I can confidently say that I drank every one of these beers except one: Paine EG. They only had a handful of tied houses and I don't remember their beer turning up very often at beer festivals.
There are some cracking beers in this set. Lots of classic Southern Bitters: Harveys, Morland, Adnams, Hook Norton, Brakspear. And my favourite of the lst: King & Barnes. Their beers were so good, It still upsets me that those bastards at Hall & Woodhouse closed the brewery.
Want to know what Southern Bitters tasted like in the 1970s? Drink Harveys. There were lots of distinctive and idiosyncratic ones about. Sadly, most have either since disappeared or become much blander.
What a surprise. This is the most expensive and worst value for money set so far.
The average OG is a touch higher than the national average at 1038.1º. While the 79% apparent attenuation is around much the same mark as elsewhere.
London next time.
|Southeastern Bitters in 1978|
|Brewer||Beer||Price||º gravity per p||% ABV per p||OG||FG||ABV||App. Atten-uation||score||Flavour|
|Greene King||Abbot Ale||1048.3||1014.1||4.43||70.81%||8||Strong fruity & sweet. A distinguished beer, but too sweet for me.|
|Paine||EG||34||1.34||0.14||1045.7||1008.9||4.79||80.53%||11||Good, strong, fruity taste. Honest & full-bodied|
|Harvey||Best Bitter||38||1.00||0.11||1038.1||1006.9||4.06||81.89%||8||A pleasant real ale with a sweetish flavour.|
|Shepherd Neame||Master Brew Bitter||40||0.92||0.10||1036.9||1006.3||3.98||82.93%||9||A satisfying hoppy beer.|
|Whitbread Fremlins||Trophy||32||1.11||0.11||1035.5||1007.4||3.65||79.15%||7||Pleasant bitter but rather thin.|
|Morland||Best Bitter||34||1.04||0.11||1035.4||1006.9||3.70||80.51%||10||A good, pleasant, clean, light well-rounded ale.|
|Adnams||Best Bitter||40||0.89||0.10||1035.4||1005.9||3.84||83.33%||11||An excellent light beer with a fruity flavour.|
|Hook Norton||Best Bitter||34||1.04||0.11||1035.3||1006.9||3.69||80.45%||9||A bright “beery” dryish ale.|
|Brakspear||Pale Ale||36||0.98||0.09||1035.3||1010.5||3.21||70.25%||11||Pleasant, tangy, clear genuine English beer.|
|King & Barnes||Best Bitter||34||1.03||0.11||1035.1||1006.1||3.77||82.62%||9||A good tasty beer which slips down easily.|
|Sunday Mirror - Sunday 17 September 1978, pages 22 - 23.|
I very much agree about Harveys: I am fond of saying that it seems to me to taste much the same these days as it did fifty years ago. In the early 70s, it didn’t stand out in the way it does today: it was just one of a number of excellent beers in the area. King and Barnes was one of my favourites as well, though sadly it had become much blander and less distinctive long before the brewery was closed. I can’t now recall when the rot set in, but it may have been connected to the building of a new brewhouse, which opened in 1980. Incidentally, the Sunday Mirror appears to have misdescribed the names of some of these bitters: there was no such beer as King and Barnes “Best Bitter”, nor Adnams “Best Bitter”. There was a Morland’s Best Bitter, but (given the OG quoted) the table appears to be referring to Morland’s Bitter – another of my favourites.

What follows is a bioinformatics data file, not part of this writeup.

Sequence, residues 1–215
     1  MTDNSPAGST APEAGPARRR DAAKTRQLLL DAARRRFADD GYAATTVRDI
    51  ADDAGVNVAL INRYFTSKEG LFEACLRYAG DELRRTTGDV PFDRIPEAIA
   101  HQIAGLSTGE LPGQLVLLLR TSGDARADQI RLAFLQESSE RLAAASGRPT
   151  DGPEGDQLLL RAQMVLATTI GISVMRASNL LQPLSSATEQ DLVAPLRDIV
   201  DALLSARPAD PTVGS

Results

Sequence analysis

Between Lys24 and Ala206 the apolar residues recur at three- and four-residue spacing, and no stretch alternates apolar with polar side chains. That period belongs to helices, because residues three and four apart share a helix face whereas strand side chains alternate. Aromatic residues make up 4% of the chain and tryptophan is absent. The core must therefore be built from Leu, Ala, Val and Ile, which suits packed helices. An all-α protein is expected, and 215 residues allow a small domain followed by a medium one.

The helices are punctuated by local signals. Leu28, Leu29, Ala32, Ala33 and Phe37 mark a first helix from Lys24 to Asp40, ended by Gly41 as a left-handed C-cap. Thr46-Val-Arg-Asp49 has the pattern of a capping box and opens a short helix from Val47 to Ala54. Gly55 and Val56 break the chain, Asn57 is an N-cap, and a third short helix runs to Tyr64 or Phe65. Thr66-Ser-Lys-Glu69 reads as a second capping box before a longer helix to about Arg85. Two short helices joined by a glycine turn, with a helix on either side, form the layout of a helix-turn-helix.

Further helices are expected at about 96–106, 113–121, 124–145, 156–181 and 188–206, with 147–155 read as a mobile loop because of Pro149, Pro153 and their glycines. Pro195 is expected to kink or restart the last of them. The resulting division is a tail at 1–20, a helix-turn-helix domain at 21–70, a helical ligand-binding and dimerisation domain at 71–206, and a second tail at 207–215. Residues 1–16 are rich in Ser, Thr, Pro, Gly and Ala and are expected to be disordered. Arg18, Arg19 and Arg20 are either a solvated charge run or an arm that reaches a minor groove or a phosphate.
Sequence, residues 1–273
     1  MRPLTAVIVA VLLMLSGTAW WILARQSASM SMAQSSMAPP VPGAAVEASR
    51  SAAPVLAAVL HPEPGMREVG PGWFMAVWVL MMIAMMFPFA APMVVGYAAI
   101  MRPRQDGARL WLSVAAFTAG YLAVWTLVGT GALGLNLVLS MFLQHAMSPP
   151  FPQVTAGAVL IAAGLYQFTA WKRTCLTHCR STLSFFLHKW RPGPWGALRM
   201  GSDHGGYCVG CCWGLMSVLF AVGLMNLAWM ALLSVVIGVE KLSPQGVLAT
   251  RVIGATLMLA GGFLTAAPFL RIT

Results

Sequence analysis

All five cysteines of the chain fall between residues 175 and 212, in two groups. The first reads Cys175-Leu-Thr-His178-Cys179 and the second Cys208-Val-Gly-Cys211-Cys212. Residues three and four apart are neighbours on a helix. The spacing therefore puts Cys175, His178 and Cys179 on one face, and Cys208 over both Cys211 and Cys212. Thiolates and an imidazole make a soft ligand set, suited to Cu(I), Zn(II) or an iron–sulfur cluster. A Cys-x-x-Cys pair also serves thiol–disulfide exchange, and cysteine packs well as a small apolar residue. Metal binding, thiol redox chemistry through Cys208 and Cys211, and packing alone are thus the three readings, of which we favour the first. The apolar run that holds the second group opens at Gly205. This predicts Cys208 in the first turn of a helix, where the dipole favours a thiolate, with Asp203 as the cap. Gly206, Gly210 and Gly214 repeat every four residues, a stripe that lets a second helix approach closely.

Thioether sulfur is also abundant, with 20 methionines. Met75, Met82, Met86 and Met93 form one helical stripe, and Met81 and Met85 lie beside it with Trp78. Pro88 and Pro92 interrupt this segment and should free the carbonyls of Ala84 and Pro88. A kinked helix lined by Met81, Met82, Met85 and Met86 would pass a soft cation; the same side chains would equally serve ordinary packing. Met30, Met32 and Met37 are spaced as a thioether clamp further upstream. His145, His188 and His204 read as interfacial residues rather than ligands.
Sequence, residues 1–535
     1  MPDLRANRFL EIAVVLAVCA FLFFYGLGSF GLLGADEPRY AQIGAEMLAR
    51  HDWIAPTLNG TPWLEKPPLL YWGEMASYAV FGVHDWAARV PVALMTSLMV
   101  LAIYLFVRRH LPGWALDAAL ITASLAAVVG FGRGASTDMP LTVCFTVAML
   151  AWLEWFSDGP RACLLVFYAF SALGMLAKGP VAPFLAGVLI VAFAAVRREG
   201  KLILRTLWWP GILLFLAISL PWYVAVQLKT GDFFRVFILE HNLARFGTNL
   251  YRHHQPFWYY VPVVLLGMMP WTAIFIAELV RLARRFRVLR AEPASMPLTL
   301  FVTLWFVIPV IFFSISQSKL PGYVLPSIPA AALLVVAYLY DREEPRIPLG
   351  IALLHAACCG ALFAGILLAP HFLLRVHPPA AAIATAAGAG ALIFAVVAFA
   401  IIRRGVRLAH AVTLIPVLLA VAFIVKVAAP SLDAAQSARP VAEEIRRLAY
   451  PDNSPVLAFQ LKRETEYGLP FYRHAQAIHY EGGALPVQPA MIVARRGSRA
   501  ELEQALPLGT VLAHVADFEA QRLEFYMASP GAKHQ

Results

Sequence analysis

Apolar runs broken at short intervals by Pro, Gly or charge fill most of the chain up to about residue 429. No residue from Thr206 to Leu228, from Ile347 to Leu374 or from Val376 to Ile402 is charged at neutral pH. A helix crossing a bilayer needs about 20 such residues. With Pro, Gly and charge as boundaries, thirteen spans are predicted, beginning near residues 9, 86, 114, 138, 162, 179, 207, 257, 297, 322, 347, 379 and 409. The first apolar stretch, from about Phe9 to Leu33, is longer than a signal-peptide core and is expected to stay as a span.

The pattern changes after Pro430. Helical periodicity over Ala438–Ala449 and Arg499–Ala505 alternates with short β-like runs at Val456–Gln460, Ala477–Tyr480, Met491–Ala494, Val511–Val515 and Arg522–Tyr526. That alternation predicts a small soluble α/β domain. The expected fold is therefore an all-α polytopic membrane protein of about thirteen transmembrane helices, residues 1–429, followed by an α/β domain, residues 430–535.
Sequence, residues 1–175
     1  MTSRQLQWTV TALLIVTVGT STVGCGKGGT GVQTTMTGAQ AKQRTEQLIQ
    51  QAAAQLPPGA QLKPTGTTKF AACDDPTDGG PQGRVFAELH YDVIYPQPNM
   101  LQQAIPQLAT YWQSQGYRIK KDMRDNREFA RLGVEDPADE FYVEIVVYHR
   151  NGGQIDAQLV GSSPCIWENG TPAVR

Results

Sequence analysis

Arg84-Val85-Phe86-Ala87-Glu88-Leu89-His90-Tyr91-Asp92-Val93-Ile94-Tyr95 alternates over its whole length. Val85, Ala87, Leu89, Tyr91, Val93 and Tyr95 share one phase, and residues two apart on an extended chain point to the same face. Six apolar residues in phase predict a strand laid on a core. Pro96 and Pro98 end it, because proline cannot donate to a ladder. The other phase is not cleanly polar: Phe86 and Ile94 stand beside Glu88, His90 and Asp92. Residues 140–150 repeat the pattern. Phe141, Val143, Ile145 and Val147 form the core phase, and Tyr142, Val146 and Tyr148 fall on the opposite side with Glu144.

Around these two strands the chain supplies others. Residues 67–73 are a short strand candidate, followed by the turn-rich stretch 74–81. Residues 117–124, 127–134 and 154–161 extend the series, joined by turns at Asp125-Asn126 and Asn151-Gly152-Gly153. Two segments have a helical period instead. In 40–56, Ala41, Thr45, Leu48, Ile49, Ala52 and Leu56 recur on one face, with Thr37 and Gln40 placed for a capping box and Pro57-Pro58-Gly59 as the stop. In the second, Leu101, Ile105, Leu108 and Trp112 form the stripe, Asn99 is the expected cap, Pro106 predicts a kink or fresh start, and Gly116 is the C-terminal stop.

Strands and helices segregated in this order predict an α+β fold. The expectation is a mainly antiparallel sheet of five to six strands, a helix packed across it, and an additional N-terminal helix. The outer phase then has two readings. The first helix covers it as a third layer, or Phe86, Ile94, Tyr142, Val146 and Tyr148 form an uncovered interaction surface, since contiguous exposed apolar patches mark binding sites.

How accurate are those ABV figures? I drank Abbot ale on several occasions in Cambridge during the 1970s and was under the impression that it was a strong beer, over 5% ABV and in the same "stable" as Courage Directors and Fullers ESB for example. Currently it's 5% bang on.
Greene King Abbot, but not their regular bitter IPA? The list is a bit incomplete!
I remember being worried in the late 70's and early 80's that many CAMRA types were fixated on the extra special category of beers while the bread and butter offerings of ordinary bitter and mild were being overlooked. People were raving about Fullers ESB for example while Fullers Hock was disappearing because nobody was drinking it or promoting it.
Back in those days I thought GK IPA was a splendid standard bitter. One of my most memorable pints was a lunchtime GK IPA I had in Ely. I didn't have it often but was always happy when I did. Nowadays I wouldn't cross the road for it but thats another thing.
I think we could all make up a long list of great regional beers that became nationally promoted and maybe had an initial surge of success but really it was the kiss of death. Boddingtons was perhaps the most famous case but you could include Stones, Tetley's, Websters, John Smiths just off the top of my head.
Question: are there any beers that have made the transition from popular local brew to national brand successfully, and not crashed and burned as a result?
Greene King IPA is a beer which I tend to ignore where there are other beers on cask. But when I do drink it I am surprised by how much I enjoy it.
With regards to beers being overlooked in Ireland that is true of red ale and single stout and even double stout in favour of American style IPA’s. One of the joys of mine is trying and appreciating the differences between breweries red ales and single and double stouts from different breweries.
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